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China will censor foreign TV shows that stream on video sites

New Chinese broadcast rules are expected to delay foreign TV shows from streaming on Chinese sites so censors can review them.

All foreign shows will now be censored in China
The Daily Telegraph reported that the top broadcasting regulator in China said, in a September statement, all foreign television shows must be approved before they can be posted on video-streaming sites. Chinese media recently issued a draft version of rules from the State Administration of Press, Publication, Radio, Film and Television. The new rules will follow the same standards applied to regular TV programming and decree that whole seasons of shows must be reviewed by censors before they can air. While the agency did not provide comment, an official at the regulator confirmed that the draft posted came from them.

The LA Times reported that in addition to the stricter screening rules, the number of foreign TV shows featured on Chinese websites cannot exceed 30 percent of the number of domestic TV shows carried the previous year, noted Beijing News. 

Streaming content treated the same as regular TV programming
Domestic video sites, Youku Tudou and Sohu declined to comment as well, according to the news source. An unnamed executive at one of the major sites confirmed that the company was aware the rules for regular TV programming would be applied to streaming content. Chinese sites currently self-censor content. The new prescreening requirements will probably result in Chinese audiences viewing their preferred foreign shows much later than they are accustomed to. Sometimes foreign shows are available for streaming one day after airing in their home countries, but it is not known how long the lag time will be once the new rules are officially instated. 

For the most part, streaming shows is free for consumers, as site revenue is based on advertising sales. The Daily Telegraph explained that foreign shows, like "Homeland" and "The Big Bang Theory," represent half of popular television content on sites such as Youku Tudou and Sohu. Video sites have competed with each other to win exclusive rights to foreign shows.

Studios do not know how to make sense of the rules
An executive at a foreign studio commented that it is not yet known how the studio will deal with the new regulations, reported The Daily Telegraph.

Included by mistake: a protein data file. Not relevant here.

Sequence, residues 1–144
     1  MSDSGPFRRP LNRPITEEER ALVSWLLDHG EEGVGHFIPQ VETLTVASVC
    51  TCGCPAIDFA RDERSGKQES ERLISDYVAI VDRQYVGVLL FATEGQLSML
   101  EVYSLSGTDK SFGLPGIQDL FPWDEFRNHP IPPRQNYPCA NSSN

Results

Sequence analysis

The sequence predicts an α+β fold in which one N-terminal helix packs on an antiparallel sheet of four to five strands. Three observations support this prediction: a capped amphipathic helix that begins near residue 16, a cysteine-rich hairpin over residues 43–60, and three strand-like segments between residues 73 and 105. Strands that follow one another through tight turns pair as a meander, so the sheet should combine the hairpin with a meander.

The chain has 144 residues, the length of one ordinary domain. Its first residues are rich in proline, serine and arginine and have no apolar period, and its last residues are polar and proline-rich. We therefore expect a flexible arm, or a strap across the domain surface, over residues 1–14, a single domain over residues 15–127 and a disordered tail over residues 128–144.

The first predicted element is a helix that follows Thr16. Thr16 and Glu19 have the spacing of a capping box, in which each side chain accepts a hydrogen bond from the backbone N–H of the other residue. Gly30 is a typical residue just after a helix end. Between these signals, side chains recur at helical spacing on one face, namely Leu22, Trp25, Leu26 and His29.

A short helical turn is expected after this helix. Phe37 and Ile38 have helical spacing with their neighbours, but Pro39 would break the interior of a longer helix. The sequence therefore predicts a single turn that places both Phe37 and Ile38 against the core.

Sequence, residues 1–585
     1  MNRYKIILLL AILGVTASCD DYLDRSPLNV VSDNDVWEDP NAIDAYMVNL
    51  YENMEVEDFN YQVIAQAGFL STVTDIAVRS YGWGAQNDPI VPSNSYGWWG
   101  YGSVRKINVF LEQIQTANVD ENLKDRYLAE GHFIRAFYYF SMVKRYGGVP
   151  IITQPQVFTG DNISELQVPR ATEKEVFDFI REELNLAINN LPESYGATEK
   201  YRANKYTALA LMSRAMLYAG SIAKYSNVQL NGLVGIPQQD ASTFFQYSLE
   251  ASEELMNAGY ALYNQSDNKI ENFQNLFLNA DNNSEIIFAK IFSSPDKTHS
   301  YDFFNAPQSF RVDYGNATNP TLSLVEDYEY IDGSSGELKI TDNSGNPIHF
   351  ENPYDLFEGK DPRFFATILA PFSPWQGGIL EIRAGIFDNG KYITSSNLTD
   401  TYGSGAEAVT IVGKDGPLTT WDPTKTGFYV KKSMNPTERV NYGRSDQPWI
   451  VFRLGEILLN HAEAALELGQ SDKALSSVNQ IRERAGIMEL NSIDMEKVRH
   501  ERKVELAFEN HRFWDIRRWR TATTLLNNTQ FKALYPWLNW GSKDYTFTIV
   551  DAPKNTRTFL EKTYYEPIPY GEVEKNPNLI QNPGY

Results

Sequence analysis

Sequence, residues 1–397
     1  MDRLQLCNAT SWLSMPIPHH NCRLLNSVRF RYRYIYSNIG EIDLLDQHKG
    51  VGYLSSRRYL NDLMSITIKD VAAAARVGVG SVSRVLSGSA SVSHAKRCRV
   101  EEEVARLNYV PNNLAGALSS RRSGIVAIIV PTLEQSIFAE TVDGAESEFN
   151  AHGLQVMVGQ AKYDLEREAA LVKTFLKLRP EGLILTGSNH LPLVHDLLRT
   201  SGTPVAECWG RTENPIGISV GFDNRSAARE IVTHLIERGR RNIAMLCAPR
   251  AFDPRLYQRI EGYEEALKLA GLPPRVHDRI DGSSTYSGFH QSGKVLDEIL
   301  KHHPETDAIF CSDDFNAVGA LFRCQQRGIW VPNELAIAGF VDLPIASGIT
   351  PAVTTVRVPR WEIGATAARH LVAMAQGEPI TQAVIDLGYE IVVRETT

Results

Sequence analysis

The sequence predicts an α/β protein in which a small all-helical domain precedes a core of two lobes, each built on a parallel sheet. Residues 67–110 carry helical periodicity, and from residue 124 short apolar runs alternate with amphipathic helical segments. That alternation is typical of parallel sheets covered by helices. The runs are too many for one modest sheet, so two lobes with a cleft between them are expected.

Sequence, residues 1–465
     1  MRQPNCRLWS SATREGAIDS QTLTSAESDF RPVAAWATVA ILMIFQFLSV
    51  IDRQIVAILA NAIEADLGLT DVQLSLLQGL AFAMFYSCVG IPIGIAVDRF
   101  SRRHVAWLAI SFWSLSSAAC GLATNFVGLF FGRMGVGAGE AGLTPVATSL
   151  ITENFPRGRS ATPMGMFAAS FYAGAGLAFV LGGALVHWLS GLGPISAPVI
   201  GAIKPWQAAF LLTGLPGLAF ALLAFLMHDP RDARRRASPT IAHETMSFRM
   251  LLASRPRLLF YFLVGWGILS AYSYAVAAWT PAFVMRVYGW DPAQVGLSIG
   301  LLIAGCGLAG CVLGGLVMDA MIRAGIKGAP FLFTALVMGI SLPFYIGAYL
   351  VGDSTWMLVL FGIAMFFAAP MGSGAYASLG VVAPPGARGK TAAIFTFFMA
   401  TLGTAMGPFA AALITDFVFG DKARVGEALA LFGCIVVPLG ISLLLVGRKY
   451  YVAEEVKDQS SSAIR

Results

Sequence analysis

"We don't have much of an idea about how the new regulation will impact the business … It really depends on how this regulation will be carried out," said one Hollywood executive, according to the news source.

Analysts and consultants also do not yet understand what inspired the Chinese regulator to adopt the new rules. Lora Chen, president at California-based consultancy, China Media Consulting, said the Chinese government is eager to develop its own local television industry as it has done with the film industry. Chen commented that the new rules will probably slow the growth that foreign TV distributors have achieved in China. Filmmakers and show creators look to the world's most populous country to expand their audiences. Winning the rights to stream shows on video sites is competitive, and one distributor paid nearly $500,000 for a single episode to stream online in China, said Chen, reported the news source.

Consumers are upset by the expected delays
China's video sites may not be significantly impacted by the new rules. The news source noted that revenue from the video streaming sites climbed 42 percent year over year to $2.1 billion in 2013 according to Chinese consultancy iResearch. Online consumers were upset, however, that they may not get to watch their favorite shows in the time-frames they would like. One TV fan from Shanghai expressed his discontent.

"I'm already used to watching 'The Arrow' every Thursday and 'Z Nation' every Saturday … I can't stand having to wait one to two months before catching up with my favorite shows," said Wu Renchu, reported The LA Times.

Despite consumer concerns, in China, the greater good always wins out over the interest of the public. In the eyes of the government, censoring foreign TV shows is for the greater good – and so it shall be.

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